Southern Pacific E7A #6017, and what appears to be a pair of PA's, lead an excursion through California's Niles Canyon during April of 1965. Drew Jacksich photo.

The reliability of Electro-Motive's E7 and later E models could been seen in their longevity.  Many of those not traded in and replaced by the later E8 saw service up until Amtrak, although by that time with service in severe decline many units had been extremely abused and were simply worn out.  It is not believed that any remaining E7s actually made it into service on Amtrak although the carrier did utilize a number of aging E8s, E9s, FL9s, and FP7s.  Sadly, the Rock Island which could not afford to join Amtrak (railroads had to pay a fee to the carrier to hand over their remaining passenger trains) continued to use some of its worn out E7s in passenger service through the late 1970s.

Pennsylvania E7A #5863 is stopped at South Amboy, New Jersey under the wires of the New York & Long Branch with commuter train #111 on September 3, 1965. Roger Puta photo.

EMD E7A Production Roster

Owner Road Number(s) Quantity Date Built
Alton Railroad100-103, 101A-103A71945-1946
Atlantic Coast Line524-543201945-1948
Baltimore & Ohio64A-80A (Evens), 64B-80B (Evens)181945
Bangor & Aroostook700-70121949
Boston & Maine3800-3820211946-1949
Burlington9916A-9929A, 9931A-9937A, 9916B-9929B, 9931B-9937B421945-1949
Central Of Georgia801-810101946-1948
Chesapeake & Ohio95-9841948
Chicago & Eastern Illinois1100-110231946
Chicago & North Western5008A-5020A, 5007B-5019B261945-1949
Electro-Motive (Demo)765 (To UP, #988)11947
Florida East Coast1006-1022171945-1947
Great Northern500A-504A, 510A-512A, 500B-504B121945-1947
Illinois Central4000, 4005-4017141946-1948
International-Great Northern Railroad (MP)7007, 701221947
Louisville & Nashville458A-461A, 458B-461B, 790-793121945-1949
Maine Central705-71171946-1948
Milwaukee Road16A-20A, 16B-20B101946
Missouri-Kansas-Texas Railroad (Katy)101A, 101C21947
Missouri Pacific7005-7006, 7010-7011, 7013-701791945-1948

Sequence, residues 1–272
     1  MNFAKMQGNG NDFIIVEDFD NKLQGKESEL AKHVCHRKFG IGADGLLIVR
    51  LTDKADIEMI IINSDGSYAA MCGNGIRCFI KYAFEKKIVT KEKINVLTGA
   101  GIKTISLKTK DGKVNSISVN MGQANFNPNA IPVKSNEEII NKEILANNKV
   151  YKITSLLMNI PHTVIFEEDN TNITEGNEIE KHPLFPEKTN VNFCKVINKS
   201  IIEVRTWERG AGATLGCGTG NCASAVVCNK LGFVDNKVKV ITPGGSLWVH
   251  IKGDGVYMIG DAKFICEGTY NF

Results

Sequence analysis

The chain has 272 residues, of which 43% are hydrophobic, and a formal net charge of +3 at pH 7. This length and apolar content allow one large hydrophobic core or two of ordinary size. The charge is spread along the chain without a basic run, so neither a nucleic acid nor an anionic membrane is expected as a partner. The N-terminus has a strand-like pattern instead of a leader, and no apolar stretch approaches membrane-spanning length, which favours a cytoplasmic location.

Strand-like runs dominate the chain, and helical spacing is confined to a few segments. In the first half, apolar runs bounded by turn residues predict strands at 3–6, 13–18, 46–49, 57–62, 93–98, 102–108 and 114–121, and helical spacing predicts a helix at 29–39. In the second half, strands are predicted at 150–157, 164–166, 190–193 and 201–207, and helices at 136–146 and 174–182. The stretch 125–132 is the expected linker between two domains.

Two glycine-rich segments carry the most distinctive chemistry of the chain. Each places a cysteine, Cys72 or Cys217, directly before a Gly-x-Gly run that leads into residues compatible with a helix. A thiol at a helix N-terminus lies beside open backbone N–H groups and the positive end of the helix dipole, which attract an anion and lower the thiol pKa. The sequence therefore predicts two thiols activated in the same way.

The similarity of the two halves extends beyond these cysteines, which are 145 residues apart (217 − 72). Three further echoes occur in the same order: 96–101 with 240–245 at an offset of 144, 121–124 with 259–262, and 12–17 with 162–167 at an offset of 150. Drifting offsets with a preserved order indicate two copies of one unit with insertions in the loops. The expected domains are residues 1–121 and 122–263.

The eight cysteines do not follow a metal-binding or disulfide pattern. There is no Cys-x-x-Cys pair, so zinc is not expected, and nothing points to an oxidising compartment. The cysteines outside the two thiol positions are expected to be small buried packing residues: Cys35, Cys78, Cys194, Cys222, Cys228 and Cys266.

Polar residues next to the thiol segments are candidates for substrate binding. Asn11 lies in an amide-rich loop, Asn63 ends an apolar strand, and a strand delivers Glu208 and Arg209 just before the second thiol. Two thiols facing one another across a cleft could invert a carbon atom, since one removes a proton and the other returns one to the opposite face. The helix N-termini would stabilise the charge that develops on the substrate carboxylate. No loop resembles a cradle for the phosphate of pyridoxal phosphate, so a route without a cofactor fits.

New York Central4004-4035321945-1949
Pennsylvania5900A-5901A, 5840A-5883A461945-1949
Pere Marquette101-10881946-1947
Rock Island632-642111946-1948
Seaboard Air Line3017-3048321945-1949
Southern Pacific6000A-6004A51947
Southern Railway2905-2922181946-1949
Spokane, Portland & Seattle75011948
St. Louis, Brownsville & Mexico (MP)7008-700921947
St. Louis San Francisco Railway (Frisco)2000-200561947
Texas & Pacific (MP)2000-2009101947-1949
Union Pacific907A, 927A, 930A-931A, 959A-960A, 98881946-1947
Wabash Railroad1000-1002, 1001A41946-1949

EMD E7B Production Roster

Owner Road Number(s) Quantity Date Built
Atlantic Coast Line755-764101945
Florida East Coast1052-105431945
Illinois Central4100-410341946-1948
International-Great Northern Railroad (MP)7012B11947
Missouri Pacific7004B, 7010B-7011B, 7014B-7017B71945-1948
New York Central4100-4113141945-1948
Pennsylvania5840B-5864B, 5900B131947-1948
Rock Island632B-634B, 637B-642B91945-1948
Seaboard Air Line3105-310731948
Southern Pacific6000B-6004B, 6000C-6004C101947
Union Pacific908B-909B, 928B-929B, 961B-963B71946

An aging Pennsylvania E7A, #5872, lays over in Bay Head, New Jersey along the New York & Long Branch on April 3, 1966. Author's collection.

As a comparison, the only other locomotive builder to truly compete in the passenger model market with EMD was Alco and its PA model.  While considered the most beautiful diesel locomotive ever built, unfortunately it used a troublesome and unreliable prime mover that caused many railroads to stick with EMD, even after Alco corrected the issue with a new engine in the PA-2. As mentioned above, PRR #5901, is the only E7 still in existence.  Today, the Pennsylvania unit remains cosmetically restored at the Railroad Museum of Pennsylvania in Strasburg and can be regularly visited by the public, housed in-doors and out of the elements.